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Guy McCallum (28), of Dunedin, said yesterday he was taking a break from politics but had not relinquished his party membership.
Dr Whyte sparked controversy in a speech last week in which he likened Maori to pre-revolutionary French aristocracy, and vowed to repeal ''all race-based laws''.
Mr McCallum did not see legal consideration for Maori as special privilege but as legal rights designed to prevent historic discrimination.
Comparing Maori with French aristocrats was ''unfortunate and baffling''.
''Jamie told me he was in search of a stunt when he was here [in Dunedin last month]. He was sitting next to me as he said it, and he shrugged.''
Mr McCallum had had both flak and support from other members since quitting as candidate this week.
Some had told him he had wasted the party's time and money.
He also stood in the seat in 2011.
He did not think Dr Whyte intended to stoke racism, but that was the effect of his actions.
Mr McCallum supports Race Relations Commissioner Dame Susan Devoy's criticism of the speech, and said the situation illustrated ''precisely'' why New Zealand needed the race relations role.
His leader has called for Dame Susan's resignation.
Act's race-based campaigning was ''less premeditated'' than National's 2005 race-based campaign, and was probably a consequence of too little policy development.
He acknowledged he signed off the policy as a party board member, but said he had understood it would not be emphasised, because it was not developed enough to take account of unfairness in society, such as the way white-collar criminals were treated.
''If we want to talk about privilege in this country, that's where the issue is [white-collar crime]. It's got nothing to do with Maori legal rights, that finally Maori are beginning to enjoy along with the rest of us.''
Mr McCallum, a former Act on Campus vice-president who describes himself as an anti-authoritarian on the left-leaning side of the party, said he sensed ''very much'' that the party was moving further to the right.
Act president John Thompson told the ODT yesterday donations were ''rolling in'' to the party after it launched race as an issue in the campaign.
''Since we have come out like that, the money is rolling in.''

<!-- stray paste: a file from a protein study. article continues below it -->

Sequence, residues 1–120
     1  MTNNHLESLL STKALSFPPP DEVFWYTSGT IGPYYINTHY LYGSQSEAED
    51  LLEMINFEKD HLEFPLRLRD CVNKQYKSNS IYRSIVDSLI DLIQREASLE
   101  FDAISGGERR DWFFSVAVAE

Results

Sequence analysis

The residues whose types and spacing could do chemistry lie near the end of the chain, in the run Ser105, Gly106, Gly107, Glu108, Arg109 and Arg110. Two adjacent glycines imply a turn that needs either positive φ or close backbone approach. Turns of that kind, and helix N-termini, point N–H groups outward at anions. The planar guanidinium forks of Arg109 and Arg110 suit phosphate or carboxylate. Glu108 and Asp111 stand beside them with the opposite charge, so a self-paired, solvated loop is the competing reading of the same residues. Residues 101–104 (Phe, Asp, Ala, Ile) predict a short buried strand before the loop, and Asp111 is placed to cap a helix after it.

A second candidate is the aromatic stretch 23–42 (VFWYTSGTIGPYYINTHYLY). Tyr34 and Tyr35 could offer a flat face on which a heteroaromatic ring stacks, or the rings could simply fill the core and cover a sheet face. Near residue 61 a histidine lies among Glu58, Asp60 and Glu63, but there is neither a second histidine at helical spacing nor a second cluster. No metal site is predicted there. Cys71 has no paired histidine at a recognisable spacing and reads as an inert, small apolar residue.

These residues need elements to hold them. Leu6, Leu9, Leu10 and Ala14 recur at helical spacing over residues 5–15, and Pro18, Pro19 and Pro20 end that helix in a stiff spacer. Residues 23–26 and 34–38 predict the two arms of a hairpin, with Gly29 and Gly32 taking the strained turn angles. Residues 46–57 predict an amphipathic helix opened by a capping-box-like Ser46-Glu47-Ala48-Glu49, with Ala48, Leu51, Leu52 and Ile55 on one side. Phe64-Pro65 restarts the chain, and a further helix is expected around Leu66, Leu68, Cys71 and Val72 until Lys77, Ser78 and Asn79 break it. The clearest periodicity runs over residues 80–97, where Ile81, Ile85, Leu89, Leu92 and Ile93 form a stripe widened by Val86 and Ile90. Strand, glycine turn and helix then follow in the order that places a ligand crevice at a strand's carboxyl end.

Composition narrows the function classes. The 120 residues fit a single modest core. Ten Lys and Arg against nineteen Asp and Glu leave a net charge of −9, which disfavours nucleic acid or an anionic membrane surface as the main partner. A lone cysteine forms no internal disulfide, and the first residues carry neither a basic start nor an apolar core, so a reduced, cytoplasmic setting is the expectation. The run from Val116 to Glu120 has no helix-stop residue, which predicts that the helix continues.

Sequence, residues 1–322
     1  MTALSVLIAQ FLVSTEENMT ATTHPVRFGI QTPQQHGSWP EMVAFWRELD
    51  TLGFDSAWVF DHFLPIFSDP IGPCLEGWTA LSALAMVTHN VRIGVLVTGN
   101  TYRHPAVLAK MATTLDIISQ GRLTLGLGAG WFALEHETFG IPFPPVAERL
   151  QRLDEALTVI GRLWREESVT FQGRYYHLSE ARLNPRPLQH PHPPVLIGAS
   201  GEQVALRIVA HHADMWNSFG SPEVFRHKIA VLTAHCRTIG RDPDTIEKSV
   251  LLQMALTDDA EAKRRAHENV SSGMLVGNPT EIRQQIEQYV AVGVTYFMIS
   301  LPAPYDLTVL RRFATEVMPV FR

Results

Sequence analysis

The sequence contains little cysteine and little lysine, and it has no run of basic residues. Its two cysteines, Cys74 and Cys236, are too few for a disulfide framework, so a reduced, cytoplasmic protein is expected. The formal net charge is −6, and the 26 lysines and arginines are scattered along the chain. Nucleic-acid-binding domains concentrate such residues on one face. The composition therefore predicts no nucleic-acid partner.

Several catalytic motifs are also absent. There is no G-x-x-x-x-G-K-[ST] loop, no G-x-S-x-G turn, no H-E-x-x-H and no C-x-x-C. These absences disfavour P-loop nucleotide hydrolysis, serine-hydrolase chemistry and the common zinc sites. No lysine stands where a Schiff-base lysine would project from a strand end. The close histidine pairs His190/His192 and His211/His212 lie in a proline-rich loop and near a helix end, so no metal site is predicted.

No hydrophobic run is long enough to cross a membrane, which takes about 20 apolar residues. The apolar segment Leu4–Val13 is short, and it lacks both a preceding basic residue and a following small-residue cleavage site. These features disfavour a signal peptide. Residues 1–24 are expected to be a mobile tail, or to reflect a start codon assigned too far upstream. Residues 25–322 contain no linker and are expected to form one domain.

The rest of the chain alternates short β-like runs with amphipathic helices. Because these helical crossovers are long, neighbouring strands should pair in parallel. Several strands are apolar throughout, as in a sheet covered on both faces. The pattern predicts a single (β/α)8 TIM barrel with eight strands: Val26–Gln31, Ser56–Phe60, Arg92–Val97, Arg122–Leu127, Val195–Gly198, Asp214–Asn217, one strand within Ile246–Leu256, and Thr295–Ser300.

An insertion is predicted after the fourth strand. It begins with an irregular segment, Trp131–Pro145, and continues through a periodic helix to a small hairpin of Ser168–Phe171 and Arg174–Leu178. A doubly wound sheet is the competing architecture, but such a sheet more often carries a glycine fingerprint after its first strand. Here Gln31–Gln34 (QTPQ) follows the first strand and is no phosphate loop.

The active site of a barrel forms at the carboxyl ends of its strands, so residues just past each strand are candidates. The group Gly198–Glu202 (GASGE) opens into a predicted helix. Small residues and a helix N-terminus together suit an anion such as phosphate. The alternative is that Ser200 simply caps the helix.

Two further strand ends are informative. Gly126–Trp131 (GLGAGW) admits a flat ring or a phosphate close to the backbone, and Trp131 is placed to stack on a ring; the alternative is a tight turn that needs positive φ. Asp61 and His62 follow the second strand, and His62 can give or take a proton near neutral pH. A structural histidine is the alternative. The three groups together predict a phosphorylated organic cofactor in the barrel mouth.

Apart from Mr McCallum, feedback had been positive from Act members and candidates about the policy.
He questioned why Mr McCallum was complaining, given he was on the board that signed off the policy.
On whether Dr Whyte told Mr McCallum he was planning an election stunt, Mr Thompson suggested that was ''a figment of Guy's imagination''.
''There are no stunts.''
Asked if focusing on race-based issues was reminiscent of National's 2005 campaign, which was perceived as negative, Mr Thompson said he did not remember any negative comments about the 2005 campaign.
''It actually took Don Brash from being very low in the polls, and National [from] very low in the polls, to being nearly in Government.''
Asked if he expected Act's low polling to receive a boost, he said: ''I hope to see us go up in the polls, yes, but that's not just relating to the [race-based laws policy].''
Of Dame Susan's comments, Mr Thompson said she ''should stick to sport and squash'', and had clearly not read the speech.
Dr Whyte could not be reached for comment, but he told the New Zealand Herald Mr McCallum had indicated to him he was not happy with the speech, so his resignation was not a surprise.
However, Dr Whyte was surprised Mr McCallum had gone public with his criticism of the speech and policy.
''I like Guy. He's a very nice guy. I was honestly confused by his response, because this is a long standing Act policy, but there you have it and he's resigned.
Former Act MP Hilary Calvert, a Dunedin city councillor, said Mr McCallum was sincere and well motivated, and involved in the community.
''He is the kind of person that Act needs. He is a caring, smart person.''